Constitutionalism and democracy go together like chocolate and peanut butter, right? Wrong ― as events proved this week in Crimea.
Ukraine’s constitution doesn’t allow for the secession of Crimea and its incorporation into Russia. Yet 96 percent of voting Crimeans chose secession, raising the question of why the constitution should even be followed. Does anyone seriously doubt that the overwhelming majority of Crimeans welcome integration into Russia? The democratic impulse contradicts the constitution.
The contradiction between constitutional demands and democratic impulses in Crimea is particularly extreme, but the phenomenon isn’t all that uncommon. Citizens of the Confederate States of America ― that is, white people ― strongly favored secession from the Union in 1860-61. They got together in secession conventions that were the mirror image of the state ratification conventions of 1787-88, and were the epitome of democratic action in that pre-referendum era. Of course, the Southern states claimed their secession was consistent with the U.S. Constitution ― as Crimea similarly asserts that the Ukrainian constitution allows secession. In neither case was the constitutional argument terribly strong. But the will of the people cut against it both times.
The nature of the contradiction is especially important and complicated because a modern constitution is in fact supposed to express the will of the people in the same way that a referendum does. Indeed, the act of making a constitution is supposed to have special democratic resonance, as the people bind themselves to an agreement that they themselves pledge not to violate. Rights embedded in the constitution are supposed to be rights that the democratically elected legislature and executive cannot break.
According to staunch constitutionalists, therefore, when the democratic will comes into contradiction with a democratically enacted constitution, the constitution is supposed to win. The Crimean vote, on this theory, should be ignored as a matter of law, because the Ukrainian constitution trumps it.
Similarly, a committed constitutionalist would believe that the movement that gave the Egyptian army cover to remove President Mohamed Mursi in July wrongfully violated the Egyptian constitution. It shouldn’t matter that the constitution was poorly constructed, so long as it had been approved by democratically legitimate process, as it arguably was. It shouldn’t even matter if the majority of Egyptian public wanted Mursi out or supported the military coup: The people should have followed the constitutional process.
The trouble with these kinds of constitutionalist arguments is that they pretend it is easy to define who counts as “the people.” Ask a pro-Russian Crimean and she’ll tell you that her voice didn’t count in creating the Ukrainian constitution, because the majority of Ukrainians didn’t share her views. More bluntly, the Crimeans in their referendum were saying that they didn’t want to belong to the Ukrainian “people” in the first place.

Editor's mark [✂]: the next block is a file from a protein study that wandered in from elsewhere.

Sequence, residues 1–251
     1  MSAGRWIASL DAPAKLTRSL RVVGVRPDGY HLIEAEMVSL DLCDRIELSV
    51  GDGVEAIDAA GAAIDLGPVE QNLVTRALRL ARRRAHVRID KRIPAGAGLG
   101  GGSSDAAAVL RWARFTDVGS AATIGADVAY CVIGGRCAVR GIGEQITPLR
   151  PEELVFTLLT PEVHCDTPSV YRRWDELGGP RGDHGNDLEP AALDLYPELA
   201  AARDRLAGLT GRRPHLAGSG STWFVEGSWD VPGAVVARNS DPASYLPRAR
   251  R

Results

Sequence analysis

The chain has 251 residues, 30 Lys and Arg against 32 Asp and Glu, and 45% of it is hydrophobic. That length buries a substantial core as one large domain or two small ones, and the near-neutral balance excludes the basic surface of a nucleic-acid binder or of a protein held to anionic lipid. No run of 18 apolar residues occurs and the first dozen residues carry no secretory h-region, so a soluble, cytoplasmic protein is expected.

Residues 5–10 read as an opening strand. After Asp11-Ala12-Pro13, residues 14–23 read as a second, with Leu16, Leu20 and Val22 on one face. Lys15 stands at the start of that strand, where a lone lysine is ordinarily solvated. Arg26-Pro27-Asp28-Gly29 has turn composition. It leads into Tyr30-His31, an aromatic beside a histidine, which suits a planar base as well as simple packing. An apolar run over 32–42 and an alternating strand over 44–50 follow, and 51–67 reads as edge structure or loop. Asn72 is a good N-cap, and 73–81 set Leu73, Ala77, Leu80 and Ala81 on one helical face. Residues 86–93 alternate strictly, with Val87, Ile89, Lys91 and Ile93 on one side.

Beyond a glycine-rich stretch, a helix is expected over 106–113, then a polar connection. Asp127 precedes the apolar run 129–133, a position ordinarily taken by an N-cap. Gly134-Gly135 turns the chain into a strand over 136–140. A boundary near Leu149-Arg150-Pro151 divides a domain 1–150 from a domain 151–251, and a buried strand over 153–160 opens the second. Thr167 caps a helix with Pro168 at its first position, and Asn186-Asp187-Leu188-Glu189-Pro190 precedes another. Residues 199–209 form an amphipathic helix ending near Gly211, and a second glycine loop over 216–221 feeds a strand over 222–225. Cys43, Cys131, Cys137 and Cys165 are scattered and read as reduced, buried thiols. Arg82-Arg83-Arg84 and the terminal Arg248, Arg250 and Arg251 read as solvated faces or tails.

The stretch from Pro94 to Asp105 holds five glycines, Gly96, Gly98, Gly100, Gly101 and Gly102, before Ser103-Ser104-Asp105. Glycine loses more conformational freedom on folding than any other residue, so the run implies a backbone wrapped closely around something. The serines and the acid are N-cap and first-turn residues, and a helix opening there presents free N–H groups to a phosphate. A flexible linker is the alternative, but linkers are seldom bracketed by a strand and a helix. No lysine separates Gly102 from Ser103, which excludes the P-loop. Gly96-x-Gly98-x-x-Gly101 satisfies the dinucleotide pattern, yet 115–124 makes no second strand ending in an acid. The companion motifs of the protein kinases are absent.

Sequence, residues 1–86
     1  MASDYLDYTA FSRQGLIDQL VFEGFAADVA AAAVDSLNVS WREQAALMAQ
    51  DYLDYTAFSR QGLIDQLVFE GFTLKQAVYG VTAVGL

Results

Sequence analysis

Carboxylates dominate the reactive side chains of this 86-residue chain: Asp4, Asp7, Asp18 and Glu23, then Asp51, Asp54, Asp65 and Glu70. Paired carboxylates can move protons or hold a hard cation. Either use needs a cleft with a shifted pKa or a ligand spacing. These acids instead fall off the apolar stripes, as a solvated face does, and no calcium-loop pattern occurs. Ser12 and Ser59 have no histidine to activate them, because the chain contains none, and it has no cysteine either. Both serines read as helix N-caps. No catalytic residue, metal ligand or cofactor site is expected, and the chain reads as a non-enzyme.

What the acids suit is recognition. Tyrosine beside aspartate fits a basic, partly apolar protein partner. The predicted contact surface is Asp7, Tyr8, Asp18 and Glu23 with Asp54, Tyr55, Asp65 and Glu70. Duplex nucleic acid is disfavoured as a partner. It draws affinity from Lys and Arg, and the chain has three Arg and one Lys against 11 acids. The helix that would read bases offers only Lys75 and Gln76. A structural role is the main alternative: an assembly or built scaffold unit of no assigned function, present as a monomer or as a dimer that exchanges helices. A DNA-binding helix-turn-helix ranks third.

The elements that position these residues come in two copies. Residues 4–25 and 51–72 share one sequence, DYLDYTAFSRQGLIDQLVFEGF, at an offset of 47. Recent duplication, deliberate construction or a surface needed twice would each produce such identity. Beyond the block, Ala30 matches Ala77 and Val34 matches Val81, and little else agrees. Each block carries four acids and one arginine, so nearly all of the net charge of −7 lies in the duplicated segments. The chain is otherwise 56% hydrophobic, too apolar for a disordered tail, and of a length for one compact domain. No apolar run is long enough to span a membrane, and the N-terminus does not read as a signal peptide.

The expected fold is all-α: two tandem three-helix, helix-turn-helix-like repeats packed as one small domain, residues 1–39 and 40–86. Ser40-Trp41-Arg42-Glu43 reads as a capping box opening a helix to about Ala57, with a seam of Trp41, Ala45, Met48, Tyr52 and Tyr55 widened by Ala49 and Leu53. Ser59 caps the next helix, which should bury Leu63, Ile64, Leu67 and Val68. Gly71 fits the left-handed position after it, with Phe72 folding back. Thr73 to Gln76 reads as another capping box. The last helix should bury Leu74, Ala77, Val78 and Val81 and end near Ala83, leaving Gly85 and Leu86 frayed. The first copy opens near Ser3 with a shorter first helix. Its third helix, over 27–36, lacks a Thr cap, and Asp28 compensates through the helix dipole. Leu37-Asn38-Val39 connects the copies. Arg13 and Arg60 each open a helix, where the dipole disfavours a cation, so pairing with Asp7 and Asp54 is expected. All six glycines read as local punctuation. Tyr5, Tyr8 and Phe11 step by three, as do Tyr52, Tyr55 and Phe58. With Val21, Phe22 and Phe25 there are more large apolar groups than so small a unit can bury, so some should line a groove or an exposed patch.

Students of democratic constitutionalism sometimes call this the “denominator problem.” Suppose you want a national referendum. The people voting yes add up to the numerator. But who counts in the denominator that defines national membership? Depending on how you compute national membership, the results will be different. Most Ukrainians would not vote for Crimea to be independent, but by changing the denominator to Crimeans alone, an outcome favoring secession was assured. This is the situation of many ethnic minorities who seek autonomy or independence, such as Iraqi Kurdistan or Catalonia.
There is no easy constitutional answer to the denominator problem ― which is why such disputes generally get resolved in the realm of politics and force, not constitutional theory. Without the Russian troops, Crimea would not be able to define its population as the relevant denominator for a vote of independence. The Kurdish leadership in Iraq could potentially use force to accomplish independence, but has judged (wisely) that it can gain more by maintaining quasi-autonomy within the Iraqi constitutional structure. Catalonia is an uncertain case, but no one doubts that the government of Spain will have the final say on allowing independence ― because it has the guns and the troops.
The reality that force and politics, not law, resolve such problems is an embarrassment for democracy and constitutionalism alike. There can be no lasting democracy without at least some commitment to an orderly constitutional process. And there can be no legitimate constitutionalism in the contemporary world without democracy. Yet when the two come into conflict, neither has the capacity to resolve the contradiction. Enter the militias, the gunmen and the generals.
By Noah Feldman
Noah Feldman, a Bloomberg View columnist, is a professor of constitutional and international law at Harvard University and the author of six books, most recently “Cool War: The Future of Global Competition.” ― Ed.